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Note: This node pertains to the practices that would be put into place in the good ol' US of A. Other countries probably have something of their own or something vaguely similar should situations warrant. On with the show.

Given the current state of the world affairs, there’s been a lot of talk in the news lately about the re-institution of the draft. On one side of the coin, you’ve got Republicans who claim that they have no intention of doing so and on the other you have the Democrats saying that there already is such a thing as a “back door draft” and that a full blown draft is a real possibility if the current Administration has its way.

I won’t pretend to say I’m smart enough to say who’s right and who’s wrong when it comes to arguing this touchy subject. There are plenty of well paid so-called pundits on both sides of the fence that can take care of that. I’ll try and stay focused on the details.

As many of you know, these days in America, the active duty military is made up of all volunteers. Should events in the world take a turn for the worse, the President is authorized to activate troops in the reserve corps and even mobilize the National Guard to help supplement our fighting forces. So far, no problem. All of these folks have volunteered of their own free will and have cashed paychecks from Uncle Sam for performing their duties. (I won’t go into who gets paid what, another subject for another time.)

Now, let's suppose that things get way out of hand and the current forces on duty are either not sufficient in number to handle the job or that vital interests at home or abroad are threatened to such an extent that our national security is put in danger. It’s at this point that the President and Congress would have to consider re-instituting the draft.

The first order of business would be for Congress to pass the appropriate legislation. After that dogfight, if it passed, the President would then have to sign said legislation into law. After that, the wheels are set in motion.

After all of the bells and whistles sounded, those fine folks at the Selective Service System would promptly switch gears from just registering folks for the draft to actually drafting them.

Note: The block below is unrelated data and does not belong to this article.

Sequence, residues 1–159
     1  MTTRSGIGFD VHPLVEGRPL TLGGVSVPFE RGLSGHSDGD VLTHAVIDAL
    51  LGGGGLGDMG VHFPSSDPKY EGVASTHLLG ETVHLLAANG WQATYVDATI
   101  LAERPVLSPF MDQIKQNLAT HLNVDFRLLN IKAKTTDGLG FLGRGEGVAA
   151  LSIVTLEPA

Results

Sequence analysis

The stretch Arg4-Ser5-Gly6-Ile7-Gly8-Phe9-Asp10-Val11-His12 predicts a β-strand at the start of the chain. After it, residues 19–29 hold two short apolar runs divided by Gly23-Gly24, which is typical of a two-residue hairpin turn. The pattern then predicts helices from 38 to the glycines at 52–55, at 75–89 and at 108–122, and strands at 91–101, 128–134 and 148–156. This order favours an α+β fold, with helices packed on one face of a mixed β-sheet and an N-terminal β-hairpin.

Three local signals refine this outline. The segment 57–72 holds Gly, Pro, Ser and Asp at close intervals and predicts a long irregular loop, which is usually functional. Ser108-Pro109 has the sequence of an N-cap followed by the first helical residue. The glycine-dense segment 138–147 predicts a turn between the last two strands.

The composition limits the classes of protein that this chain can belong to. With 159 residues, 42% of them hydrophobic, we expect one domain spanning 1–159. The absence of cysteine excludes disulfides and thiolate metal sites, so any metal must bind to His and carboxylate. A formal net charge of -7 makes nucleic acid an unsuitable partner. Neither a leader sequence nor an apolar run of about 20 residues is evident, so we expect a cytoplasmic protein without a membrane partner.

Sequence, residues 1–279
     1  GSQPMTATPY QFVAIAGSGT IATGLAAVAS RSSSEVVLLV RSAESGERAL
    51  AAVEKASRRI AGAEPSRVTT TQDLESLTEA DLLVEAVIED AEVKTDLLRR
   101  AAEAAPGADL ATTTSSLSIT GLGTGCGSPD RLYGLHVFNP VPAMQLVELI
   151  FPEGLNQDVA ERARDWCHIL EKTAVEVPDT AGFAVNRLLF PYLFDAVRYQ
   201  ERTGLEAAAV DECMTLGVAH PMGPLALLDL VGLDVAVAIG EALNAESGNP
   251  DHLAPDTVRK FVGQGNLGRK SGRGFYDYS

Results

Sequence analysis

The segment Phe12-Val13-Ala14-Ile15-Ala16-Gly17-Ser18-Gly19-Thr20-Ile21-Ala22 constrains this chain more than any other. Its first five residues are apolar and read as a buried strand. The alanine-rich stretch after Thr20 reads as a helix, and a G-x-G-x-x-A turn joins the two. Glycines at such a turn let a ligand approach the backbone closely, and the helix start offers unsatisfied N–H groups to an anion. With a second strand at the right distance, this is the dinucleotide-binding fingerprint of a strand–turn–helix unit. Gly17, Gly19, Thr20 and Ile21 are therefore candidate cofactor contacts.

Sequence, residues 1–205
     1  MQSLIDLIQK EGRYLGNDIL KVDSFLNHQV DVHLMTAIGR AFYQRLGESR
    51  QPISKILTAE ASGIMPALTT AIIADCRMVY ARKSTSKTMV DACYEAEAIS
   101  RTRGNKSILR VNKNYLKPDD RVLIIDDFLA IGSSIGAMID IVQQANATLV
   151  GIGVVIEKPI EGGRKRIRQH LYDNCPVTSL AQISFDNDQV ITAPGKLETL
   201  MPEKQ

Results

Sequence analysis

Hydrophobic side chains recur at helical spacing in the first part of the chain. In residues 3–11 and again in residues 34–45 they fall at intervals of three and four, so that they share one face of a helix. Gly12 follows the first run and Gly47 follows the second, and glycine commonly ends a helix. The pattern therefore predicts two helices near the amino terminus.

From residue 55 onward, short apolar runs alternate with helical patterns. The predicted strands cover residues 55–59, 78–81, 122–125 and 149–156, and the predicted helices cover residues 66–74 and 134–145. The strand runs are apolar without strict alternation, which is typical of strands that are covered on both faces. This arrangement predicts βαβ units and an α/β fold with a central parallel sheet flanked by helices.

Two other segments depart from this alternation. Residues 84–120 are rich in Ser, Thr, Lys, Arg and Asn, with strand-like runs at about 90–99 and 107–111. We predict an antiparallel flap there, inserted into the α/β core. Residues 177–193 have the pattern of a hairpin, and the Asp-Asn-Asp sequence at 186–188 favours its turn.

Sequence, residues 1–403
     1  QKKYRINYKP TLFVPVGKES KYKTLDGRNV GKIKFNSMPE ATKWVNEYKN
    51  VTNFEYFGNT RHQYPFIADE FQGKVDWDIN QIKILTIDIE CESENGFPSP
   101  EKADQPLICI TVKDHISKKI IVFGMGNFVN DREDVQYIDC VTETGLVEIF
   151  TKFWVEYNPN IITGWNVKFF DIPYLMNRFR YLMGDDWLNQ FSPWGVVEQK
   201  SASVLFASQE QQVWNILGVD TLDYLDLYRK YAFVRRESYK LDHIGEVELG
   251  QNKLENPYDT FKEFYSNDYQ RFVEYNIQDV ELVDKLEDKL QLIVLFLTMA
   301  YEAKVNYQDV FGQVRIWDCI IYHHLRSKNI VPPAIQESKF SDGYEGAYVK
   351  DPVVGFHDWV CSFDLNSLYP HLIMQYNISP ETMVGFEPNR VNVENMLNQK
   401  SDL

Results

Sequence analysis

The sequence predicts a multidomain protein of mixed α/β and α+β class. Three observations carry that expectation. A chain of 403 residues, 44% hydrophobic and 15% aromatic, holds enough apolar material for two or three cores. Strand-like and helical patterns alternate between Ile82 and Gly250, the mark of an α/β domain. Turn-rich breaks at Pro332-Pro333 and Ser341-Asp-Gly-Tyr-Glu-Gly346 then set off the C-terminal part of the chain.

The first thing on their agenda would be to come up with an impartial national draft lottery starting with eligible men (sorry ladies!) who would attain the ripe old age of 20 in the year the draft was being conducted. The actual impartiality of the draft, while always questioned, especially by those whose tickets are about to be punched, is determined by something called the National Institute of Standards and Technology.

Here’s the nuts and bolts of what happens.

Mere Formalities

Step one, a computer spits out every date in the current year in some kind of random order and the dates are placed in small capsules. Step two, the same computer then randomly spits out the numbers 1-365 (or 366 if it’s a leap year) and those too are placed in small capsules.

Let The Games Begin

Ever seen anybody play bingo? Well, if you have then you might have an idea of what’s coming next. The capsules with the dates are put into one drum and the capsules with the numbers are placed into another. Assorted government officials, newspaper reporters and camera crews are on hand to make sure no hanky panky takes place.

Yes Folks, We Have A Winner!

Or loser, depending on one's point of view.

A government official will then pull a capsule from the drum containing the dates. Next, he or she will pull a capsule from the drum containing the numbers.

And The Number Is?

Okay, for argument's sake, let’s say your birthday is April 6, 1985 and that was the first date that was pulled out of drum number one. If you have an instinct to gamble, you’re probably in pretty good shape. You only have a 1 in 365 (or 366 if it’s a leap year) odds that the number pulled out of drum number two will be the number 1. (If it is, get your bags packed because you’ll be hearing from those friendly folks at the induction center real soon because you’ll be in the first group called.).

Anyway, the process is completed until all of the dates have been assigned numbers.

If there aren't enough bodies to fill the coffins or do the jobs required the process is repeated and a separate lottery is held for those turning 21.

Still Not Enough?

Repeat in sequence until age 25.

How Much Is Enough?

After all of those eligible for the draft between the ages of 20 through 25 have been assigned numbers and the powers that be determine that it’s still not enough, the process works backwards. Next in line would be the 19 year olds and if there aren’t enough of them, last in line would be the 18 year olds.

The Check Is In The Mail

If you come home one fine sunny day and find a letter in your mailbox postmarked from a place called Palantine, Illinois, you have become part of the process. That’s where the sequence of all those numbers that were drawn was sent to and they are the ones formally notifying you that your ass has been drafted.

The letter will also direct you to report your “regional military entrance processing station” where you undergo a variety of tests and assorted poking and probing to determine whether you’re fit to serve Uncle Sam. You have ten days from the date you were notified to file an exemption, postponement or deferment based upon your individual beliefs and circumstances such as marriage, kids, college, etc.

Editorial Comment

I think I can speak for all parties concerned when I say that hopefully, the day shall never pass when this become necessary.

Source(s)

http://people.howstuffworks.com/framed.htm?parent=us-draft.htm&url=http://www.sss.gov/whhap.htm

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